Inside Next El Bulli | The Drinks (part 2 of 3)
In anticipation of Next's El Bulli menu (which starts tomorrow night—and no, tickets have not gone on sale yet), TOC embedded writer Heather Shouse in the Next kitchen as they held their friends-and-family service (a.k.a. "practice nights,"). The first post in this three-part series covers Next El Bulli’s unique service component; tomorrow Shouse delves into the food.
With the first official Next El Bulli dinner service merely days away, sommelier Joe Catterson is looking at the full menu on paper, tilting his head from one side to the other while his eyes dart up and down over the wine pairings. “This is just the first stab,” he says. “Almost everything here will change.”
Catterson has that freedom. And not only does he have the power to change the pairings as he sees fit, but he also has the power to walk back into the kitchen and tell chefs Grant Achatz and Dave Beran that their menu needs to be changed. “He came to us and said instead of doing it in the order we originally had it, he wanted us to drop the gorgonzola globe down later in the meal and move some stuff up,” says Beran. “He basically did his Joe Catterson magic.”
“Which he does often,” Achatz chimes in. “We’re trying to craft the best possible experience and if he says ‘look, this clashes with this wine so if we move it down it’ll be more fluid’ then I just go ‘okay.’ I think I’ve only told him no, like, twice…but Joe knows his stuff.”
While the chefs are in the kitchen executing the very precise El Bulli path, Catterson is working in an open field, with the option to go in nearly any direction that feels right. That's because El Bulli does not do wine pairings. Instead, meals start with cava, the bottle often left on the table to take diners through a few courses. When sherry arrives, guests have the option of sipping it through a few more courses, the glass refilled as it gets low. Ditto for white or red or whatever the diner feels like drinking that night. “I’ve never had a chance to talk to anybody from there and I’m curious, because I’ve never gotten to go there myself,” Catterson says. “But from what I’ve been able to read it’s not that pairings isn’t something they specifically didn’t want to do but it was more ‘let’s pick something that’s refreshing and diverting and you drink something you like.’ One of the quotes from Juli Soler [El Bulli’s maître d’] was ‘Well, we’re dictating what you eat so you might as well just pick something that you like to drink.’"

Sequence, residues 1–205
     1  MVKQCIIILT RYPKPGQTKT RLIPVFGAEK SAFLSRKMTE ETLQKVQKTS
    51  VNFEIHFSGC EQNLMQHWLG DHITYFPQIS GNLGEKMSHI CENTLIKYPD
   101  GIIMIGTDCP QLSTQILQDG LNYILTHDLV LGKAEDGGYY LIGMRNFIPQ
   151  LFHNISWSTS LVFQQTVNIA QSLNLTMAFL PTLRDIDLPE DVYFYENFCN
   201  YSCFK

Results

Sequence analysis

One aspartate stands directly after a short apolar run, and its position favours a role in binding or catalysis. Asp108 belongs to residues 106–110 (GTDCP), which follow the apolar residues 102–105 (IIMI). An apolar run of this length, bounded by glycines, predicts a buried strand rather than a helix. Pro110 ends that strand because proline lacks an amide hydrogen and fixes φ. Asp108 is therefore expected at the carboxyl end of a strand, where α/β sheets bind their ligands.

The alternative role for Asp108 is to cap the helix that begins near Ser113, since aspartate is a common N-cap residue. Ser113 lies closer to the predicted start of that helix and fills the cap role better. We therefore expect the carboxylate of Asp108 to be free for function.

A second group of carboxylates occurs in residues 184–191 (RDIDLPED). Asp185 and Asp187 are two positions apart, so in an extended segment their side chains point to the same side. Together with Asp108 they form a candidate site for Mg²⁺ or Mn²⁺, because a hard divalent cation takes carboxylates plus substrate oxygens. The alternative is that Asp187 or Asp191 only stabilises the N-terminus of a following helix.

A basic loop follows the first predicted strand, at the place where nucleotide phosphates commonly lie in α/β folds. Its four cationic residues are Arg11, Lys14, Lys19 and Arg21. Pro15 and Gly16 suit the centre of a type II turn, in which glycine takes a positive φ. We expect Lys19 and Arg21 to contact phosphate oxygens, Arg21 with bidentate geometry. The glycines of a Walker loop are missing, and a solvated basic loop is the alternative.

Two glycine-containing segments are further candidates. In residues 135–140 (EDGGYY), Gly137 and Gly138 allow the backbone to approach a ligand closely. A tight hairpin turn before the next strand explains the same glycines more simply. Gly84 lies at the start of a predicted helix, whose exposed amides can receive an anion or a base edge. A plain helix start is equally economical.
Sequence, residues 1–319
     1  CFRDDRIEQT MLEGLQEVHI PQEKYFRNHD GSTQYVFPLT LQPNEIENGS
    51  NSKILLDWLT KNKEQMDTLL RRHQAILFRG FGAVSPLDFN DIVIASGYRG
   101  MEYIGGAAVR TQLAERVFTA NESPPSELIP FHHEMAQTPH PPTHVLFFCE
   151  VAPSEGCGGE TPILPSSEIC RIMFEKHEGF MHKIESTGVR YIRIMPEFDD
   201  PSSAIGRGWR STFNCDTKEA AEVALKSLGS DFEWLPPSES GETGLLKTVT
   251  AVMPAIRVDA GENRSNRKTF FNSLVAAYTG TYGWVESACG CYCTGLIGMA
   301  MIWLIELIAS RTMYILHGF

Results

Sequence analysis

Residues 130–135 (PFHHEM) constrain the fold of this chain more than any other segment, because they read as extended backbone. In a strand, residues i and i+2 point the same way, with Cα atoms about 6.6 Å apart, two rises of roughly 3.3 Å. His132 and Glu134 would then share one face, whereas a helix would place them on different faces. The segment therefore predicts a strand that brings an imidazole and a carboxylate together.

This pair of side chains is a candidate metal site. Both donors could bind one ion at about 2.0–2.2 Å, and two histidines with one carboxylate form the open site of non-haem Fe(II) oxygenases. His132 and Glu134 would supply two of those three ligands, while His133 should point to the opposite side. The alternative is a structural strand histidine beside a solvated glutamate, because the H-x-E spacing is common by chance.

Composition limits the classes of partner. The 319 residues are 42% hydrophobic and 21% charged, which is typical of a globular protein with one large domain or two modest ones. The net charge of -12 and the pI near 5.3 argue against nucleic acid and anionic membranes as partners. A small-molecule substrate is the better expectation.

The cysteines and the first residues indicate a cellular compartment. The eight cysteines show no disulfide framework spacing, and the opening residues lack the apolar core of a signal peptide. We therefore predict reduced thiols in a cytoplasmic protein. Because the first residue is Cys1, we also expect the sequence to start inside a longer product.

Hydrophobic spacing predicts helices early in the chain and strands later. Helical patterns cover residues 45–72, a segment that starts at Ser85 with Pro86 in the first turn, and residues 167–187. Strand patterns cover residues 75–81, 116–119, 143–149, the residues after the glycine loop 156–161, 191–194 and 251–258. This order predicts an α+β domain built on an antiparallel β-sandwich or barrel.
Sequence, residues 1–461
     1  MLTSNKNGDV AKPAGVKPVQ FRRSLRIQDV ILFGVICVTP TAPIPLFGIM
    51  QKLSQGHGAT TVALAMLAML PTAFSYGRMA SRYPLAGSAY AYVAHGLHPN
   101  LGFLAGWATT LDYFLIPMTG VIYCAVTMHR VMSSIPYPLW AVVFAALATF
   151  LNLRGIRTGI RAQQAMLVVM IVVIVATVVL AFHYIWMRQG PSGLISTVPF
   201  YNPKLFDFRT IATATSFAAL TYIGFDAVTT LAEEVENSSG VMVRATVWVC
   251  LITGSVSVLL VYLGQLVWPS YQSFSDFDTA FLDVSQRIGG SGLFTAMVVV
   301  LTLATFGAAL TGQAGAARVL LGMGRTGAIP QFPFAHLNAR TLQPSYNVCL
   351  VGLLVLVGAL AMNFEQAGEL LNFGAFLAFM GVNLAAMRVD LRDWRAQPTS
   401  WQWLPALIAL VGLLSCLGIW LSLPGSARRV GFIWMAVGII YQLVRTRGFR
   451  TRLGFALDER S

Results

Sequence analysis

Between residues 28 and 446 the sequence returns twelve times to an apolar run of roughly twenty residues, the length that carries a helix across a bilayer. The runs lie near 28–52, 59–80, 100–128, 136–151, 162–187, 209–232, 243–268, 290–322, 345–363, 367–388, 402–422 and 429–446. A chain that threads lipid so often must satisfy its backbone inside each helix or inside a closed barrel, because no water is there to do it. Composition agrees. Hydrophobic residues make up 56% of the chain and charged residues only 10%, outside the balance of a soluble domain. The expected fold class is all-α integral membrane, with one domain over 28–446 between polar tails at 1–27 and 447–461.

That doesn’t work so well for Catterson. His job is to give you what you’ll like to drink, even if you don’t know it yet. So for Next El Bulli he took a similar approach to Next Thailand by creating a pairing menu that mixes things up with wine, beer, sake and two different sherries, not to mention a shapeshifting cava cocktail. For the beer, Catterson collaborated with Half Acre to brew an ale accented with beets and oranges dubbed Sanguine and intended to pair with either a rabbit course or a concoction of bone marrow, smoked eel and nasturtium. “It should go well with those,” Catterson says. “But we’ll see.”
Characteristically casual about getting down to the wire for the first night of service, Catterson is still playing around with many of the pairings, making most of his changes after sitting down for the full meal at Saturday’s friends-and-family night. “Last night I tasted through a half-dozen sakes with that cuttlefish ravioli and found the one that’s just right, a junmai gingo from Kaetsu,” he says. “But what I’m really excited about is the cava cocktail.”
For that, diners are given an unaltered glass of cava just after the frozen caipirinha (the very first thing presented), the cava intended for sipping throughout the opening salvo of snacks: a tempura pocket of trout roe, the famous olive sphere, toast topped simply with avocado and anchovy, crackery bread ensconced in silky jamon Iberico. As the cava in the glass gets low, servers refill to just about two-thirds full while presenting a small vial of Pineau des Charentes (French fortified wine served as an aperitif) with a little bit of farigoule (Provencal thyme liqueur), which they instruct the diners to dump into the glass. After guests have slipped themselves the mickey, the golden egg course arrives, ideal with this new DIY cava cocktail. Then, as the cava gets low once again, servers return to refill. This time they present another vial of the same mix but also an eyedropper of Molaga muscatel (Spanish fortified wine) and Regan’s orange bitters. A few drops later and the resulting cocktail is the perfect pair for both the smoked foam and carrot air hot on its heels.
Non-drinkers get to play too, their cava cocktail replaced by a sparkling lychee-coconut soda that later is doctored with saffron and celery to rev up complexity. Server Bobby Murphy has taken ownership of the non-alcoholic pairings, intent on giving them equal attention so that passing on booze doesn’t mean feeling left out of the experience. For this menu, he’s come up with a roasted-golden-beet-and-apple-juice infused with carrot and black mustard seed, as well as a combination of rose tea, rosemary honey and peach juice, a drink derived from an El Bulli recipe. While Murphy works in the beverage station tweaking and tasting, John Schafer is intently trying to perfect tiny jelled booze cubes of Pedro Ximenez and añejo tequila, an idea of Catterson’s intended to mimic a sugar cube, to arrive with the meal-ending cortado with instructions to drop and drink. “We have some perfecting to do but we’ll see if we can’t get it right before Wednesday,” Catterson says. “And if we don’t, we do something else. It’s different in the kitchen but as far as beverage pairings, we can chuck anything at any moment, and then? Well, then we start all over again.”